Logic clearly dictates that the needs of the many outweigh the needs of the few.

It wasn’t a philosopher who can be credited to saying the above.  No, it was first spoken by Leonard Nimoy’s character Spock in the science fiction movie Star Trek II: The Wrath of Khan. However, philosopher Jeremy Bentham had a similar quote: “It is the greatest good to the greatest number of people which is the measure of right and wrong.”

Which leads to the question facing us today, should state government easing social distancing restrictions and get everyone back to work? And if so, are we prepared to deal with a possible “second wave” that could potentially kill many more people?  Will their death be an acceptable cost so that the needs of the many are met?

We all know the economy is failing, unemployment is exploding through the roof, and people are overly anxious about getting things back on track; but, what is the acceptable solution?  Are we prepared to deal it?  Will our healthcare system, which is already at a breaking point, withstand the ultimate test?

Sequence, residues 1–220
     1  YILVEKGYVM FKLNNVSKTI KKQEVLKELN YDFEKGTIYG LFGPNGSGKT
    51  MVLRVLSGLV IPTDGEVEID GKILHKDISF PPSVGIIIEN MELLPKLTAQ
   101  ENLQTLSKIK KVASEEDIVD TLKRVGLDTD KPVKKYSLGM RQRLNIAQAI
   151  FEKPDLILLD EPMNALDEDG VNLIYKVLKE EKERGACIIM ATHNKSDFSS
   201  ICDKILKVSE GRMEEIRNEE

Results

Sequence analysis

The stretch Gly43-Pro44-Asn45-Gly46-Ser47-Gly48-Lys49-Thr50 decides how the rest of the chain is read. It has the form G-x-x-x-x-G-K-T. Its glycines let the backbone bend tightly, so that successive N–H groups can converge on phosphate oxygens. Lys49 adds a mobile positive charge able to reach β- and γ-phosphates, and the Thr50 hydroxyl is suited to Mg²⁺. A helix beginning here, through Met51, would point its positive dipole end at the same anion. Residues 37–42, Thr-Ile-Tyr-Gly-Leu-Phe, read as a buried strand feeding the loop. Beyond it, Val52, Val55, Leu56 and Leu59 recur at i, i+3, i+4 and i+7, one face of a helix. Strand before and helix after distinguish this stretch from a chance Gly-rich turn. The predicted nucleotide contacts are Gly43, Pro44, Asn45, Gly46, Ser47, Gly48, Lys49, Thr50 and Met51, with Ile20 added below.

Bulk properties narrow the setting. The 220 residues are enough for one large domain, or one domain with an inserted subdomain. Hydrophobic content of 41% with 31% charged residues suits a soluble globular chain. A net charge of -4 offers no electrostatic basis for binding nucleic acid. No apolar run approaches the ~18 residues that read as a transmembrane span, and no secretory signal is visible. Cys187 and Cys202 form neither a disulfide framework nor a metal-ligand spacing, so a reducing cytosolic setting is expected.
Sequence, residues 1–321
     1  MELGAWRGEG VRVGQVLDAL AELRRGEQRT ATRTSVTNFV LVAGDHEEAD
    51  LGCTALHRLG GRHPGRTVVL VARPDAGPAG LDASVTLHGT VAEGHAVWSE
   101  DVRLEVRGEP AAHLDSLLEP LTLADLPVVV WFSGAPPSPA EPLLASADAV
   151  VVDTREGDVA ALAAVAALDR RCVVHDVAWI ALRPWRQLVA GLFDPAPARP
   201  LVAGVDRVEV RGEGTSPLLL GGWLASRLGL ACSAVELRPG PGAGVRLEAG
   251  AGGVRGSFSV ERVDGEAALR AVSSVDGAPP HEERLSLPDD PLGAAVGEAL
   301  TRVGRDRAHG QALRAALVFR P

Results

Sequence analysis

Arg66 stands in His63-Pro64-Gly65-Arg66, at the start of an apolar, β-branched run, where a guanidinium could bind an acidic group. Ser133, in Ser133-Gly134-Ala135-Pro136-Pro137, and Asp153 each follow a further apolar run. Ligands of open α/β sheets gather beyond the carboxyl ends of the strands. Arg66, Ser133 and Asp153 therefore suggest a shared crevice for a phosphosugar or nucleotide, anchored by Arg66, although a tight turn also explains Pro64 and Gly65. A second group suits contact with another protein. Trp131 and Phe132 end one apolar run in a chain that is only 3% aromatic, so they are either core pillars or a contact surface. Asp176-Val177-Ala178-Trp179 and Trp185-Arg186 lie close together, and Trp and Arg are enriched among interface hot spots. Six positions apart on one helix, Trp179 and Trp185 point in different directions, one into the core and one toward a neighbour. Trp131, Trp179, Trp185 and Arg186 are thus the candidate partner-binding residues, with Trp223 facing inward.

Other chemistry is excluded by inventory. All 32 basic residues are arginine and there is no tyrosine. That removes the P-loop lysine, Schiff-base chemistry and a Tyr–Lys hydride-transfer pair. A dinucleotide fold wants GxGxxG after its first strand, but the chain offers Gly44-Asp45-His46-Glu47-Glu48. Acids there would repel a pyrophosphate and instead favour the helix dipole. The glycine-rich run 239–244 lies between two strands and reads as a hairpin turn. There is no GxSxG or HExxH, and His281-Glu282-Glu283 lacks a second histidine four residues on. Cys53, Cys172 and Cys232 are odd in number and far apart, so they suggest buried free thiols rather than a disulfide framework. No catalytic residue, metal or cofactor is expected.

The Darwinian Theory would suggest only the strong should survive for the betterment of the species. Therefore, based on this logic, the death of, let’s say, 4% of the population is acceptable? What if the number is higher, say perhaps, 10%? Would that be acceptable?

It seems to me, President Trump and many others would say yes, if this is the answer to fixing the economy.  But then the moral question needs to be addressed: Is it the right move? Are we truly ready to accept the death of others so we can “get back to normal?” Will we ever get back to normal?

The political fallout could be devastating if the “second wave” of the pandemic hit us, like some are suggesting.